- Inclusive leadership – A theoretical framework
- Juliet Bourke and Andrea Espedido: Why inclusive leaders are good for organisations – and how to become one
- Katrina Marshall Dyrting: Leadership in evolutionary organisations – who’s leading anyway?
In the last years, there has not been a lot of focus on productivity. We see a slow change at the horizon.
Traditionally, capacity problems have been solved by recruiting new people. This has led to several problems. I have seen this several times in fast growing scale-ups.
As the growth is limited by the ability the find new people, the selection criteria are (often unconsciously) lowered, as many people are needed fast. These new people are not as productive as the existing crew. Because you have more people, you need more managers. Lower quality people and more managers lowers productivity.
Another approach is, to focus more on increasing the productivity of the existing employees, instead of hiring additional staff, and on improving the selection criteria.
Using people analytics, you can try to find the characteristics of top performing people and teams, and the conditions that facilitate top performance.
These findings can be used to increase productivity and to select candidates that have the characteristics of top performers. When productivity increases, you need less people to deliver the same results.
11. Blockchain breakthrough
I am by no means a blockchain expert and for some reason I do not find the subject very attractive. But…. blockchain use in the HR domain seems to catch on, so I do not want to present this overview without mentioning it. Please read the articles below, and you will get a better picture.
- John Macey: Blockchain 5.0 is taking HR tech to the edge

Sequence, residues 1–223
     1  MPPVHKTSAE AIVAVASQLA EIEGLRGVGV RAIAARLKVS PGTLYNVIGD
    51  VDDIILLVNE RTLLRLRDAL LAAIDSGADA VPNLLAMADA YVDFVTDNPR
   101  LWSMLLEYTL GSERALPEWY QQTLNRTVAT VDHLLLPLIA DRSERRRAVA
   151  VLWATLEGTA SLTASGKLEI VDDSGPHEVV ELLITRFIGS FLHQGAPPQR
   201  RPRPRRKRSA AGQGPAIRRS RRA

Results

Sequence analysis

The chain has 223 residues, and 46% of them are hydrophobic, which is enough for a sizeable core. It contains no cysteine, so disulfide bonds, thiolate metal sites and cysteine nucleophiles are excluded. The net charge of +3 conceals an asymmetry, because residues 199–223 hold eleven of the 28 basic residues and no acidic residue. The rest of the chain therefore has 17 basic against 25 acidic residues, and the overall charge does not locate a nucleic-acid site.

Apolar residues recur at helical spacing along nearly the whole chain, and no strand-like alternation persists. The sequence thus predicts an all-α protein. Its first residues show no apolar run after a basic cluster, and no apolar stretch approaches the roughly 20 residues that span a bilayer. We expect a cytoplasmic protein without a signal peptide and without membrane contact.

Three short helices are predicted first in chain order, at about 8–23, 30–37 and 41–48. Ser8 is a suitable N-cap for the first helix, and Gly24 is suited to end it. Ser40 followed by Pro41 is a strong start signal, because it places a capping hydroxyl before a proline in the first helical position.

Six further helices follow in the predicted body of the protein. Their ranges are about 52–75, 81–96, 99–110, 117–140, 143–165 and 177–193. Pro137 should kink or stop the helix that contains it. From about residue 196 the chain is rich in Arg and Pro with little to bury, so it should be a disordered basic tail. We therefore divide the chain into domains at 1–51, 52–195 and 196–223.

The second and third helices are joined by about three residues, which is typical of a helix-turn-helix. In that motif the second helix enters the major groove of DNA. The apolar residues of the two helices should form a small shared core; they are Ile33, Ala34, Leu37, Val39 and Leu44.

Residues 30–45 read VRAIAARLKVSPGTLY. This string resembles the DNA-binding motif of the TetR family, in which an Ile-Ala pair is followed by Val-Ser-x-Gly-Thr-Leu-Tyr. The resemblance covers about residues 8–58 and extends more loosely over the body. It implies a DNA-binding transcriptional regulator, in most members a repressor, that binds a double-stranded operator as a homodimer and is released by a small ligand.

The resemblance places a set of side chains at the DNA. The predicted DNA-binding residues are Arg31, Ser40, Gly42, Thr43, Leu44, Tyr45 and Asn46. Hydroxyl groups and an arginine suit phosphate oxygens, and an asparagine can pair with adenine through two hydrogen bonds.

- Andrew Spence: Blockchain and the Chief Human Resource Officer
- Jackie Wiles: 5 ways blockchain will affect HR
12. Corporate and employee activism
Many organisations are still very inwardly focused. The key question is more “How can we solve our problems?” than “how can we solve problems in our society?”. Taking ownership of your corporate social responsibility can be more than offering employees the opportunity to do good on one day per year.
Research by Povaddo showed that more than half of those working in America’s largest companies feel that corporate America needs to play a more active role in addressing important societal issues.
There are enough issues to tackle. Employees are willing to contribute. HR can play an important role in facilitating and stimulating corporate/employee activism.
- Aaorn Chatterji and Michael Toffel: The new CEO activists
- Gijs Corstens: Corporate Activism. Why is this a thing, and what does it mean for us?
- Kaya Payseno: Top 20 corporate social responsibility initiatives of 2018
- Craig Smith: A new framework for corporate activism
- Patrick Thibodeau: Employee activism, from composting to protests, is an HR issue